When you grind nutmeg into a powder, it retains its fiber content, which can stimulate the digestive process by promoting peristaltic motion in the smooth muscles of the intestine. Also, it induces the secretion of various gastric and intestinal juices that ease the digestive process. Since fiber can bulk up the bowel movements, it reduces the frequency and discomfort of constipation and other intestinal issues.
For generations, nutmeg has been recommended as a home remedy for sleeplessness and insomnia. Nutmeg has a high content of magnesium, an essential mineral in the body that reduces nerve tension, and even stimulates the release of serotonin which creates a feeling of relaxation or sedation. This serotonin is changed to melatonin in the brain, which is a sleep inducer, relieving insomnia and restlessness at night. Nutmeg also has trace elements of narcotics, which have no dramatic effect unless taken in massive quantities. However, even the small amount can help you release various neurotransmitters than induce relaxation and sleep.
• 4 medjool dates
• 20 almonds
• 1 cup soaking water for dates
• 1 cup soaking water for almonds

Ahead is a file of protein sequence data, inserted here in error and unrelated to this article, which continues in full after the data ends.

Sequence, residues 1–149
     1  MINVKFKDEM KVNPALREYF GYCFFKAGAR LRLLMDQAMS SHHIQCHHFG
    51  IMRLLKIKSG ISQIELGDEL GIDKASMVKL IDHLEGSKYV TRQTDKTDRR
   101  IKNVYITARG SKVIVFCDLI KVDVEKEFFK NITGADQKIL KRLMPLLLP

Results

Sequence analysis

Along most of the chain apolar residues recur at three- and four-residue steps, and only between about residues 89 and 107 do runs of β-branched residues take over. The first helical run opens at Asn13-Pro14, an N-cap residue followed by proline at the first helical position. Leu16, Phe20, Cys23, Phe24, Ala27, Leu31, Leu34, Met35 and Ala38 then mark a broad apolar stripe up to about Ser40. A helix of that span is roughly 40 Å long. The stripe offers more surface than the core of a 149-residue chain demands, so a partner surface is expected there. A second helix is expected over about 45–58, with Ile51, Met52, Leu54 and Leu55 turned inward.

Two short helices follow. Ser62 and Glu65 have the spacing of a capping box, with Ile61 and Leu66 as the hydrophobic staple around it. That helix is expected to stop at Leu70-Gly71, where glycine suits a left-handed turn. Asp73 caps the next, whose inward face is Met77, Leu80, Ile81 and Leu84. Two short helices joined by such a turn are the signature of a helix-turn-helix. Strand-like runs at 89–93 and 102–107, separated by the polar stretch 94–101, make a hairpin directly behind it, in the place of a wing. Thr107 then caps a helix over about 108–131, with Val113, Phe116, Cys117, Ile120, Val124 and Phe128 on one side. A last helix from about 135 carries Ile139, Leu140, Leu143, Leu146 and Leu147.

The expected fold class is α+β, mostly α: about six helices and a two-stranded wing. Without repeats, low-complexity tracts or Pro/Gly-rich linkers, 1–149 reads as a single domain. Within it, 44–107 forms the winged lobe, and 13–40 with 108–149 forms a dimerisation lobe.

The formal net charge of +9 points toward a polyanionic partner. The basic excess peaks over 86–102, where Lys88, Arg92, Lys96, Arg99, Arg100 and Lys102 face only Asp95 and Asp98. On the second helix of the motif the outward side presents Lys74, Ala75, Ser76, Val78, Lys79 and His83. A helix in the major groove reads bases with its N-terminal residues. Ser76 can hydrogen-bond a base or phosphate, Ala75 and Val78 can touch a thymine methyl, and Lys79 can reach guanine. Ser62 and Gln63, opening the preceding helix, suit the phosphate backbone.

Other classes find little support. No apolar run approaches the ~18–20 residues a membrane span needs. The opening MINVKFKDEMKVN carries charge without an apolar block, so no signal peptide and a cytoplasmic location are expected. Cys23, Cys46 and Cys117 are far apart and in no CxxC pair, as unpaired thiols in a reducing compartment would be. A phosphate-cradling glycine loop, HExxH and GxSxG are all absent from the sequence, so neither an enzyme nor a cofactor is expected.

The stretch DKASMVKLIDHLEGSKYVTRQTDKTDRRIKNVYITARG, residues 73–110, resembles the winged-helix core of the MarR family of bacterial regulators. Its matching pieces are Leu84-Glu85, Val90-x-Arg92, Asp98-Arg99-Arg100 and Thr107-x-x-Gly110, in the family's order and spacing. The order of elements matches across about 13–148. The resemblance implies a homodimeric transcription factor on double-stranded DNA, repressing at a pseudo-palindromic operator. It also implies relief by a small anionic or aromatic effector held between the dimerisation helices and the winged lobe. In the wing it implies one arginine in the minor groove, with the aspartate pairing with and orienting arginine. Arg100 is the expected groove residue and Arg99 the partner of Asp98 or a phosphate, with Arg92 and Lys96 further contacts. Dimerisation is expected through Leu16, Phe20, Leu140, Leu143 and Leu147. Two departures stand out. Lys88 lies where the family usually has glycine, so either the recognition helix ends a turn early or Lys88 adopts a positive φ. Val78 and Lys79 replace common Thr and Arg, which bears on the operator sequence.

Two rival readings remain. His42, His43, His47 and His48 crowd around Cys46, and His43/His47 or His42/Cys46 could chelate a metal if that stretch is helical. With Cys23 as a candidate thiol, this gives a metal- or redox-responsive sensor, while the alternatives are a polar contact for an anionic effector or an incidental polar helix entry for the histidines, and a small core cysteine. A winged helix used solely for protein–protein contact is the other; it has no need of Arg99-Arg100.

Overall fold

• 1/2 teaspoon of each cardamom, cinnamon, turmeric and nutmeg
• 1 ½ cups of milk (can substitute rice milk or almond milk)
• ½ – 1 cup hot water
• 1/2 teaspoon ghee
In separate bowls, cover the dates and almonds with water and soak overnight.
In the morning, drain the almonds and peel them by pinching them and popping the nut out of the skin.
Warm the milk and ghee in a saucepan.
While the milk is heating, place the peeled almonds, the soaked dates, the spices and the soaking water from the dates in a blender. Once the milk is warm, add it to the blender and add hot water. Blend for 2-3 minutes or until smooth and frothy. Drink warm at the end of the day before bed for a really good nights sleep.
There’s no one size fits all for what you should eat. If you would like to talk with me about what is the right diet for you, sign up for a complimentary consultation. Just click on the link to my online calendar to find a good time that works for you.